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Objects in Translation

Edited by Hannah Lee

 

Adopting the heading of a previous Un-Making Things column, Objects in Translation aims to explore the dynamics of global cultural exchange in a design historical context. Spanning both chronology and geography, I aim to draw article inspiration not only from the period of my own research interests as an Early Modernist, but also from the contemporary.  This might range from a study of the current state of the traditional Venetian glass industry in the face of Chinese competition; to a comparison of the North Korean display of diplomatic gifts with Early Modern European Court practices.

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The Hidden Consumer?

Hannah Lee & Jo Tierney   The following text is an extract from a discussion between two students from the V&A/RCA History of Design programme who, from different starting points, have found common issues arising from their research into trade interactions between Europe and Africa and the development of the idea of the hidden consumer,

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Set in Stone: A Seventeenth Century Water Flask and the Imitation of Nature in Early Modern Europe

Hannah Lee   Swirls of white break the surface of this seemingly simple water flask, housed within the British galleries of the V&A. Made from eathernware the museum’s online catalogue informs us that this was an instance of when ‘unexpectedly humble objects were often traded between countries[1].’ Made in Northern Italy at some point in

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Istanbul –
Two thousand three hundred years on

Annabel Sheen    The Eyewitness travel guide’s blurb about Hagia Sophia notes that, along with the alterations required for its shifting religious uses over the centuries, the building has been ‘buttressed on numerous occasions, which has partly obscured its shape.’[1] Perhaps the same thought might be had of Istanbul as a city. The tours organised

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Floral borders: Gender, empire and the girls behind the needle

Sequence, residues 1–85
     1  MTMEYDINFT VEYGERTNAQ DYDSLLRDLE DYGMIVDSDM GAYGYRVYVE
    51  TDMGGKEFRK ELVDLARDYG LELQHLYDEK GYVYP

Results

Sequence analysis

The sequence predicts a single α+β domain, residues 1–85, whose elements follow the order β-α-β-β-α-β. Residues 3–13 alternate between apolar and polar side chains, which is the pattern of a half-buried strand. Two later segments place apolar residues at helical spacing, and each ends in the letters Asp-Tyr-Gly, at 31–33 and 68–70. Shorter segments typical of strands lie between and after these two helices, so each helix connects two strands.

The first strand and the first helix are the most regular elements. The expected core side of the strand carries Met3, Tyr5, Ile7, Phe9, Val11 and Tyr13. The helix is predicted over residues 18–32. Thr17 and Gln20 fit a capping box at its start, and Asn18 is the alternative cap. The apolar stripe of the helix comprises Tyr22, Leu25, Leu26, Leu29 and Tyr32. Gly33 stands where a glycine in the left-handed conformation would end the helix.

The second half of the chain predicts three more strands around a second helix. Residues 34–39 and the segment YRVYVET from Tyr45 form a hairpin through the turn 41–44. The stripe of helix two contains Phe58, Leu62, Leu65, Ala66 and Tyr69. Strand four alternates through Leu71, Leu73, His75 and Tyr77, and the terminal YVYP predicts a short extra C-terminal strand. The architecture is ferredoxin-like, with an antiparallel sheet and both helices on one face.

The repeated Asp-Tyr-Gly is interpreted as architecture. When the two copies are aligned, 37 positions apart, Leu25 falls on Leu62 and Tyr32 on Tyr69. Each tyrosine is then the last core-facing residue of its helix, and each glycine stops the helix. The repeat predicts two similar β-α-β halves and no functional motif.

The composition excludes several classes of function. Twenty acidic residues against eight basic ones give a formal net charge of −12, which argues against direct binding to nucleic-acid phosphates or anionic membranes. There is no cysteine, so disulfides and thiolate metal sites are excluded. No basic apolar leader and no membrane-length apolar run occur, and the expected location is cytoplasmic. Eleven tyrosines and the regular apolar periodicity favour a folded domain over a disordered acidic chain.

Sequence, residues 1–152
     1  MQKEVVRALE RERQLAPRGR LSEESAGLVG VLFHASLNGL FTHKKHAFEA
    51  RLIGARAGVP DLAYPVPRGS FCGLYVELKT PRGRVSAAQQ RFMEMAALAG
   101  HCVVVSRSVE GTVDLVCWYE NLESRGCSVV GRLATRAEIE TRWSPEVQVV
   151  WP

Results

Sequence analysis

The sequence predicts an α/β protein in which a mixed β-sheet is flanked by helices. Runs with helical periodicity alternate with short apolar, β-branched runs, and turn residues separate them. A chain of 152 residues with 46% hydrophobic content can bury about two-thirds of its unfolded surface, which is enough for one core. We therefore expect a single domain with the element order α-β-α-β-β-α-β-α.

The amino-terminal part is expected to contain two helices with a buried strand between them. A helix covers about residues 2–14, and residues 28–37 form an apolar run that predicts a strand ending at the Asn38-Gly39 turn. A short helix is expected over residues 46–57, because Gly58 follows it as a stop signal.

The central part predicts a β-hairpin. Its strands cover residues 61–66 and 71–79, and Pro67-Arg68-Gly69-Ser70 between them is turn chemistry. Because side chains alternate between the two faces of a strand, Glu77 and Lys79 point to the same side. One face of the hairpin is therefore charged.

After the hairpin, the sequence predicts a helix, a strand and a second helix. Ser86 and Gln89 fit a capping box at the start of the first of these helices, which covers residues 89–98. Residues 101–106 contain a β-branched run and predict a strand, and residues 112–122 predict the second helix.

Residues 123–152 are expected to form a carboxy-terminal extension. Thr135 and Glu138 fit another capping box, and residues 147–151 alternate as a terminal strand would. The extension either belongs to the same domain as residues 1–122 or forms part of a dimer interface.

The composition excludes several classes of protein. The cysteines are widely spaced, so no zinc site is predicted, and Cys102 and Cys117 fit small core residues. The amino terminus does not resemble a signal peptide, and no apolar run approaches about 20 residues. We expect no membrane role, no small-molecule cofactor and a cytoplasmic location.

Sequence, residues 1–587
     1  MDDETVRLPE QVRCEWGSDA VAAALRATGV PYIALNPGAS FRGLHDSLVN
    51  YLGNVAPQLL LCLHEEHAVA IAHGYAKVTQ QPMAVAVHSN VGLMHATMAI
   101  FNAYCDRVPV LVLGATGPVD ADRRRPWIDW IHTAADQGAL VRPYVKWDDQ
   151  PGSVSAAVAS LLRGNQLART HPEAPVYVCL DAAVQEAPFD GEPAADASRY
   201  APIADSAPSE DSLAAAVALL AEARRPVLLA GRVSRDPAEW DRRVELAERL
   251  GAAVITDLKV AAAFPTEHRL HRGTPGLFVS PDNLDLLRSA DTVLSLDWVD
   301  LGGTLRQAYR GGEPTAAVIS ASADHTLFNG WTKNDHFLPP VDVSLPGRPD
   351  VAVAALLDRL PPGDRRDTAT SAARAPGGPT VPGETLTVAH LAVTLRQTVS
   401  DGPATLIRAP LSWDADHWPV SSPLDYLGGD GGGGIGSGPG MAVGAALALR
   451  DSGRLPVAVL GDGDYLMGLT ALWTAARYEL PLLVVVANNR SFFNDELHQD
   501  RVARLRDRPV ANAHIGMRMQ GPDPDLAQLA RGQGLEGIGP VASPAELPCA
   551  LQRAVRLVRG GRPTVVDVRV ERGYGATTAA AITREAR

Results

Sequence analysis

Hannah Lee   A tiny white cottage surrounded by green trees and a carefully labelled river, is beautifully rendered in coloured silks and chenille thread, featuring cross stitch, French knots and couched work on a woollen canvas[1]. Below the cottage is a map of some farm land, featuring a detailed table which demonstrates through the use a

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The View at a Distance: Cultural Perception and an Eighteenth Century Porcelain Figurine

Hannah Lee   Found in the world ceramics room of the V&A museum, this eighteenth century figurine is a little behind the sartorial times. The delicate blush which is barely visible on her eerily white face might deepen to a rosier hue, were she to know that her outfit was nearly a century out of

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The Past and the Present:
The Jameel Prize 2013

Hannah Lee   From carpets made of concrete, to the detailed beading on an evening jacket inspired by the ornate architecture of Istanbul’s Hagia Sophia, The Jameel Prize, whose finalists are currently display at the V&A museum, makes for exciting viewing. Established in 2009 the Jameel prize is an international competition for art and design

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We Three Kings:
The Construction of the ‘Other’ in the Early Modern Imagination

Hannah Lee   Twelfth night is upon us, Christmas is over once more and the space the below the now slightly drooping tree is morosely bare. The metres of glossy wrapping paper and ribbon which once flirted with expectant imaginations now adorns landfill sites and recycling plants across the world. In the Christian ecclesiastical calendar

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Crystal Clear?:
A Sixteenth Century Glass Mosque Lamp

Hannah Lee If you’re not careful you might miss it; your gaze passing through the glassy surface to fix on a point beyond. This however, would have made this objects sixteenth century Venetian maker very happy, for whom the achievement of absolute clarity in clear glass was tantamount to the perfection of his art. Historians

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From Object to Memorial:
Designing Remembrance

Hannah Lee   The bus shelter outside the Royal College of Art on Kensington Gore, London, appears to have been transformed into a temporary memorial. Suspended within a transparent cavity that has been created from one of the shelter’s walls hangs a military camouflage jacket wearing a poppy. Lit by fluorescents from within the frame

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A Dialogue In Ivory:
Thoughts on sixteenth century Afro-Portuguese salt cellars in the British Museum

Hannah Lee   Standing side by side in a case at the British Museum in London are four extraordinary pieces of ivory: two salt cellars, a piece believed to be the middle section of another, and a hunting horn. Although somewhat dwarfed by the walls of glass which surround them, their visual impact is undiminished.

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